The front-wheel-drive Cobalt is powered by a 2.2-liter version of the competent Ecotec series of engines shared with several Pontiac and Saturn models, as well as overseas GM products. The four-cylinder design features an aluminum block and head, topped with a twin-cam valvetrain. It's rated at 145 horsepower at 5,600 rpm and 155 lb-ft of torque at 4,000 rpm, which means it packs a heavier punch than most its rivals, particularly noticeable around town. Like most four-bangers in this class, however, the Cobalt tends to thrashiness when pushed. Not so the top-of-the-line SS. Equipped with a Roots-type Eaton supercharger and an intercooler, as well as a steel crank and forged pistons, the SS pumps out 205 horses and 200 lb-ft of torque. Even though it displaces only 2.0 liters, it sounds much bigger thanks to its bad-to-the-bone exhaust rasp. A five-speed manual is standard in all models except the LT, but the vast majority of Cobalt owners no doubt will opt for the acceptable four-speed automatic.
Behind The Wheel
If the Mazda3 is the sportiest car in the compact class, then the Cobalt slots in at the pampering end of the dynamic spectrum. There's nothing exotic about its suspension--MacPherson struts at the front and a twist beam at the rear--but after critics savaged the Ion for its rough, noisy performance, Chevrolet engineered the Cobalt with plenty of sound-deadening and chassis-strengthening material. The result is a ride that's solid, supple, and relatively isolated. Although by no means a driver's car, The Cobalt is quiet and refined by the standards of the class. The SS, however, is different, more-exciting story. To corral the additional 60 horses generated by the supercharged engine, the SS is graced with a sport-tuned suspension that allows it to carve corners like an autocross ringer. A Quaife limited-slip differential and Recaro seats are optional.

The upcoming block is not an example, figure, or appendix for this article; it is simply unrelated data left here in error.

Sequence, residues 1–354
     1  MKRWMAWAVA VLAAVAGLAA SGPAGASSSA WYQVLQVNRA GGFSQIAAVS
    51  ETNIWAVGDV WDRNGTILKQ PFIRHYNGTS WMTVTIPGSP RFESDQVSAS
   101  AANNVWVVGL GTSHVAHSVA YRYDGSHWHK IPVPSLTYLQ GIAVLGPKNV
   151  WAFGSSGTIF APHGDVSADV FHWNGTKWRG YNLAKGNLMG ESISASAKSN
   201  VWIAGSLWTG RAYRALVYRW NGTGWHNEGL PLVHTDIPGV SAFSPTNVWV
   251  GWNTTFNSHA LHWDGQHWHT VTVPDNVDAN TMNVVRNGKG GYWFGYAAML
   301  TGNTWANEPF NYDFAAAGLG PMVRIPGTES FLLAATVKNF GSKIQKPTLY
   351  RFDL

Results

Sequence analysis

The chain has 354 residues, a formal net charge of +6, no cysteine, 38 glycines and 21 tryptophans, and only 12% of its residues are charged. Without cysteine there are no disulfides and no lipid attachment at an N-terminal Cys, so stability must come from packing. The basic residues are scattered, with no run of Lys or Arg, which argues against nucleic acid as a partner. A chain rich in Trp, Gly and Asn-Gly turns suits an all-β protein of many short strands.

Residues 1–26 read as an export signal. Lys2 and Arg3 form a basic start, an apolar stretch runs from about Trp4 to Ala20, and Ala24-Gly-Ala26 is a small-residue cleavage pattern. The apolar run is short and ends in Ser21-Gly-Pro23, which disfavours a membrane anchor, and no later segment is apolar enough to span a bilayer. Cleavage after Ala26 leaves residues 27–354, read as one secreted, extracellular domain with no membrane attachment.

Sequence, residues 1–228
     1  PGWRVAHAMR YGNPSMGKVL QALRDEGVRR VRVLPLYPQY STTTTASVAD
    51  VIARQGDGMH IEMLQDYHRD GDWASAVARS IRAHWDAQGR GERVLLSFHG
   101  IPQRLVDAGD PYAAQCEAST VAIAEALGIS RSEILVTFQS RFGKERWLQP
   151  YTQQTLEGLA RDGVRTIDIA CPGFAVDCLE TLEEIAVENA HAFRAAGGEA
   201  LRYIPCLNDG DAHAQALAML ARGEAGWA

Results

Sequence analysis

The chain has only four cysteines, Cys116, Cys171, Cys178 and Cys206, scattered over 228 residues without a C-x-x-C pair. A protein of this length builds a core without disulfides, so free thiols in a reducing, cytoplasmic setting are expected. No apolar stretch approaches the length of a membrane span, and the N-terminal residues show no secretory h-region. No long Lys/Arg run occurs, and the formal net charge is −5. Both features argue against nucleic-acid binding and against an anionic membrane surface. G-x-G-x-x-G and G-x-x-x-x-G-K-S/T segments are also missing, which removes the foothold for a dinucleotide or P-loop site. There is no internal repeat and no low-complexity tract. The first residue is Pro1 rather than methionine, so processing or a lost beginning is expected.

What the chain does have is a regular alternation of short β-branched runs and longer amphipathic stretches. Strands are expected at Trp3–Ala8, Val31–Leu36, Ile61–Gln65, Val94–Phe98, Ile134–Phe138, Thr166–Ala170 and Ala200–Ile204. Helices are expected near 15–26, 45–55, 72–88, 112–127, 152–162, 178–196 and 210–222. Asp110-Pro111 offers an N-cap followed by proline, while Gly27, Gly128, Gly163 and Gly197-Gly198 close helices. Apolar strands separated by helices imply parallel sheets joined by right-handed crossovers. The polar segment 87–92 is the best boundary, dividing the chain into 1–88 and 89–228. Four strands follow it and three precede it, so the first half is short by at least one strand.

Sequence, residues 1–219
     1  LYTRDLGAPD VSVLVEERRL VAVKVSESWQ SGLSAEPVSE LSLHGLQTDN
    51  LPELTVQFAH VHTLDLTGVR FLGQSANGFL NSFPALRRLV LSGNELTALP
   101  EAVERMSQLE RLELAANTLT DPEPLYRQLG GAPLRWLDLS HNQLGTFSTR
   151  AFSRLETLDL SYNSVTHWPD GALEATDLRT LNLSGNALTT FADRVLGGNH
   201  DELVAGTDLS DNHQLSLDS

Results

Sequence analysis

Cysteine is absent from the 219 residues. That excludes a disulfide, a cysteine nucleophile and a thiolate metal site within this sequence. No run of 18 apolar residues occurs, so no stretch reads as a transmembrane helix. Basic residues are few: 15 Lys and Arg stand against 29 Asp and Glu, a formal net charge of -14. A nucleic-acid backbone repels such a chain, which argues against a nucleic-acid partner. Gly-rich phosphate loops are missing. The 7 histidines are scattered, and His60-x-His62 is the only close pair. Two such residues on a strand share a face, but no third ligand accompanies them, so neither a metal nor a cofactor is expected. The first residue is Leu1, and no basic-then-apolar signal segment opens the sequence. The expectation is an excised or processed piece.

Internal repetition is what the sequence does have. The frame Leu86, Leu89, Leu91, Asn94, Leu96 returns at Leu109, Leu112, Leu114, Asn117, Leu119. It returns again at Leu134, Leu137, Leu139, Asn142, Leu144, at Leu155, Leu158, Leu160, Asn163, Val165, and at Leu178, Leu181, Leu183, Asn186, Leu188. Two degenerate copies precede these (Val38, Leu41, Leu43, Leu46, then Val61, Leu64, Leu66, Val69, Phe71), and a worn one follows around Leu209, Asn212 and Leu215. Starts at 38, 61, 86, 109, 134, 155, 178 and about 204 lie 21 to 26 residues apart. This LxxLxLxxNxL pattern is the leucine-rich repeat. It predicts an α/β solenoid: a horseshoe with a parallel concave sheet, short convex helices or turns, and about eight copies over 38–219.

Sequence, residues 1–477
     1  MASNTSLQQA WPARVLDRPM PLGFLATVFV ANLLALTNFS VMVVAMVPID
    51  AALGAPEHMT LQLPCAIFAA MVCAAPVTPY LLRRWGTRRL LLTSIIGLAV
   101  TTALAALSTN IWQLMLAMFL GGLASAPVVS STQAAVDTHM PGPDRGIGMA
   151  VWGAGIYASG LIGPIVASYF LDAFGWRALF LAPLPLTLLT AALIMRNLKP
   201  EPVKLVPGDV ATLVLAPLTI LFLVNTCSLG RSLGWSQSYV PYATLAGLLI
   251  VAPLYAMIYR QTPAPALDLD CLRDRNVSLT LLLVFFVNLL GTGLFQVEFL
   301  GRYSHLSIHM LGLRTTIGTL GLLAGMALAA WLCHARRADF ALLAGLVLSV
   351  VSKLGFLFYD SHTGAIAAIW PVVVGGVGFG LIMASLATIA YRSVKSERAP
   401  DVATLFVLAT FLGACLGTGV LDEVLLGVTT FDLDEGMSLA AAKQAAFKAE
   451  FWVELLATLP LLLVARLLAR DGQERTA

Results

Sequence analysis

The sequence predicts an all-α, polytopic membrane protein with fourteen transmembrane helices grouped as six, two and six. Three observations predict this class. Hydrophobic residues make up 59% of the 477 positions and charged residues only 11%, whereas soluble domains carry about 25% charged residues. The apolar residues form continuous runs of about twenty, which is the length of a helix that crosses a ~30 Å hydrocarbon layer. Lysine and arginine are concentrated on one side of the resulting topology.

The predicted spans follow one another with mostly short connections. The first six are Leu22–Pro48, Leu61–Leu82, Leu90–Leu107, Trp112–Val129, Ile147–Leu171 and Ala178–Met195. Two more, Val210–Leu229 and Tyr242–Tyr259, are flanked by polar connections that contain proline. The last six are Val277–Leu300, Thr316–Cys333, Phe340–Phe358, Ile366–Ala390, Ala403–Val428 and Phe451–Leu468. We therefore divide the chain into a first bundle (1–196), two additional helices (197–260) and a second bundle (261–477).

The Cobalt is a godsend for "buy-American" small-car shoppers and a legitimate alternative for more broad-minded consumers--especially when Detroit revs up the rebate machine, as it often does when sales wane. In addition to the car's inherent goodness, the Cobalt comes with a generous five-year/50,000-mile powertrain warranty. To minimize service costs, the Cobalt is fitted with the GM Oil Life System (GMOLS) that carefully monitors vehicle use to ensure maintenance is performed only when needed, extending oil-change intervals. The engine also features an innovative cast-in oil-filter housing on the Ecotec engine that eliminates throwaway oil-filter cans. The bad news is that Cobalts have already started flooding into rental-car fleets, which is bound to accelerate depreciation and undermine resale value like the Cavalier before it.
The Cobalt elevates General Motors' entry-level position with a well-conceived, thoughtfully designed coupe and sedan that offers a range of personality and performance.